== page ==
Detwiler is a servicable enough fifth starter, at least until he gets hurt again. The small uptick in his strikeout rate and velocity last year was promising and he has a lot more potential than Lannan for an up-and-coming Nationals team. He might be a more worthy pickup in keeper leagues as he moves farther and farther away from hip labrum surgery.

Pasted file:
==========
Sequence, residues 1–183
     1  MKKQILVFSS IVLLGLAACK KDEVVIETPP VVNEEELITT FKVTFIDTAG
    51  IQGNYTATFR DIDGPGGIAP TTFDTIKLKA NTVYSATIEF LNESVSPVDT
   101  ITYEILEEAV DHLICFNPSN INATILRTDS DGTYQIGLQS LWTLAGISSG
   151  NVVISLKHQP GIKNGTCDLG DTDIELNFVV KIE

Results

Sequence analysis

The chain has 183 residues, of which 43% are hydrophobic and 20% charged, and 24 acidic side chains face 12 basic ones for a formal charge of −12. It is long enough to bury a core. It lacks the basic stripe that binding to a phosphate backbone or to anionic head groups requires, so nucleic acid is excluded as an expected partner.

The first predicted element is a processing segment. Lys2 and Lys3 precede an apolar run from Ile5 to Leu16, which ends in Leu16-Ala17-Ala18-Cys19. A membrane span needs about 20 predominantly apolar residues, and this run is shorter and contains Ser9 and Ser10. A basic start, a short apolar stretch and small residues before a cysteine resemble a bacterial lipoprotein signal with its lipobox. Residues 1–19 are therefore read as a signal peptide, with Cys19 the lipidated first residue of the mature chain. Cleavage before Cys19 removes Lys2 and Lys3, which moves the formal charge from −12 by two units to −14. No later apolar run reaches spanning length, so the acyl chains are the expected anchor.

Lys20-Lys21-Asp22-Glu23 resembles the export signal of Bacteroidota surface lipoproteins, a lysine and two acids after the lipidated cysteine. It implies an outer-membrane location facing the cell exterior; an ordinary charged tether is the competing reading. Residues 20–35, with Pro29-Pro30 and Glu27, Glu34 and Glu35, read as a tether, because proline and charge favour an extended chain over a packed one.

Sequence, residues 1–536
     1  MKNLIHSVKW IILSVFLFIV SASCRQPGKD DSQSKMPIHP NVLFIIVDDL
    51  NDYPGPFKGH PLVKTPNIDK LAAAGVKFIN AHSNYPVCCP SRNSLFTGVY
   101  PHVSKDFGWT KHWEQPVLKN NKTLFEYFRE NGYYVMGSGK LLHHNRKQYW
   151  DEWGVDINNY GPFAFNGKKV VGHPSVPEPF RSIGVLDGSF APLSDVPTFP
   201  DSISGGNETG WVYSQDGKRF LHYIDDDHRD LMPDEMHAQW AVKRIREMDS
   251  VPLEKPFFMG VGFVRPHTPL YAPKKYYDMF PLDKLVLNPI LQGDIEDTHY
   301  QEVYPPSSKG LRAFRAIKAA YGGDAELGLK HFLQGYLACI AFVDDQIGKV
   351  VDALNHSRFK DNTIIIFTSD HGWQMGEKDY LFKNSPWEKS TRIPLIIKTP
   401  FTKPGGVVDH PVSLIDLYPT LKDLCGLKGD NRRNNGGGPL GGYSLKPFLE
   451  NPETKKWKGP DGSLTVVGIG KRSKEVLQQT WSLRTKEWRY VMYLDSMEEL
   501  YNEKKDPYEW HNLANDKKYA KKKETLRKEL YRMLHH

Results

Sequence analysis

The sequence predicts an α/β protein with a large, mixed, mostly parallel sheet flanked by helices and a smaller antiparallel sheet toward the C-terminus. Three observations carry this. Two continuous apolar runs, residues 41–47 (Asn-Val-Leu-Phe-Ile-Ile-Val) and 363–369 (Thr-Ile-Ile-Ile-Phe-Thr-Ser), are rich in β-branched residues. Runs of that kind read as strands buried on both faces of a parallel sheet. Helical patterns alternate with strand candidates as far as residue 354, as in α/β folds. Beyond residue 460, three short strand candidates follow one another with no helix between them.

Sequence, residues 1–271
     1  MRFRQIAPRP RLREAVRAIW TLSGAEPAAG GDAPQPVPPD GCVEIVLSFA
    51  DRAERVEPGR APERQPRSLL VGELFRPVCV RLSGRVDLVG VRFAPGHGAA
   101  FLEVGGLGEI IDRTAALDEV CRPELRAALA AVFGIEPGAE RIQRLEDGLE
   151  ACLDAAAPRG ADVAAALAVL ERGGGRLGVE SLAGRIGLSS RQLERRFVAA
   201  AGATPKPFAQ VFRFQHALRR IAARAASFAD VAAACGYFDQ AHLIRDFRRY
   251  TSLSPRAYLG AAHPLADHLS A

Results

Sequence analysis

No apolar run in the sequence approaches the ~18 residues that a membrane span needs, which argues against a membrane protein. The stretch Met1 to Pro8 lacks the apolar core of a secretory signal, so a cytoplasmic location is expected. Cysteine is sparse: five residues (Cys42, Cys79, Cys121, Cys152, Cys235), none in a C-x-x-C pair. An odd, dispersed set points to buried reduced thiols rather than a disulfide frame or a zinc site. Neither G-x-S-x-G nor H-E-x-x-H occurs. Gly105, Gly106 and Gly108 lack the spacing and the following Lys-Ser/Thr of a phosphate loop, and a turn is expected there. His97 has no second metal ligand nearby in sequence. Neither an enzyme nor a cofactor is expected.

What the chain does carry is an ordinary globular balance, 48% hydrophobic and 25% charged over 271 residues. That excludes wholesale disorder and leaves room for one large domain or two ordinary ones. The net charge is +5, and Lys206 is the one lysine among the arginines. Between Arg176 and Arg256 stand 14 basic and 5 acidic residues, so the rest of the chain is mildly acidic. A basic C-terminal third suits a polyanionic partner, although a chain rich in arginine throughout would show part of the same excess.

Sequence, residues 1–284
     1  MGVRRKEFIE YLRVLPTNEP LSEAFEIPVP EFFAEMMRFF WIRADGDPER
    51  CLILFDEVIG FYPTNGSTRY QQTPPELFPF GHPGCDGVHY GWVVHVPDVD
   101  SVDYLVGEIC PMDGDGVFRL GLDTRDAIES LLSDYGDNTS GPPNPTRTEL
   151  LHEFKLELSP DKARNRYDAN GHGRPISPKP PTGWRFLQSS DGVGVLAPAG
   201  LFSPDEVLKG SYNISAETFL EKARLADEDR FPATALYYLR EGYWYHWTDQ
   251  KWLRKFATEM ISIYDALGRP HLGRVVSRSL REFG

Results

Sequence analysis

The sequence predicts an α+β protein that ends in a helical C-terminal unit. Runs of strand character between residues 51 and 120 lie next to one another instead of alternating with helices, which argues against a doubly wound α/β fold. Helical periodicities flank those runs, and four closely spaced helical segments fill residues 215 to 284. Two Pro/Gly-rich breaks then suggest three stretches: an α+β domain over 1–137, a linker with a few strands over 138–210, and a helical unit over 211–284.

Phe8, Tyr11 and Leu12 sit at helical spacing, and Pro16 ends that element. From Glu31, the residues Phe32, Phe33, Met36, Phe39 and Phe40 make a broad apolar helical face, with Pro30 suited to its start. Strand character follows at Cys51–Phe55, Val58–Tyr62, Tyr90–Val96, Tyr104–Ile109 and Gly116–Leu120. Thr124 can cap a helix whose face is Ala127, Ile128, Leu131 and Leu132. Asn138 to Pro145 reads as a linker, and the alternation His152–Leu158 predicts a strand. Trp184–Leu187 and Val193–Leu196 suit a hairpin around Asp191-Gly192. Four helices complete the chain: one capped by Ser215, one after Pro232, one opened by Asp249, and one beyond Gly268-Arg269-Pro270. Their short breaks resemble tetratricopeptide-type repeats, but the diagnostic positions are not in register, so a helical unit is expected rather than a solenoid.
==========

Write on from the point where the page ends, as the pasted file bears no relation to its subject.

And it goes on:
--Lastly, the Chris Perez Watch is on. I had mentioned the potential volatility of Cleveland's closer situation in this article a couple months back, predicting that Vinnie Pestano might overtake Perez as the Indians' closer by season's end. Sure enough, Perez coughed up a three-run ninth inning lead today to the Blue Jays, leading to a 16-inning marathon that the Indians eventually lost. Perez was no great shakes last season and he's probably skating on thin ice with Manny Acta. It's probably not a bad idea to pick up Pestano now to get a leg up on the seemingly inevitable Perez collapse.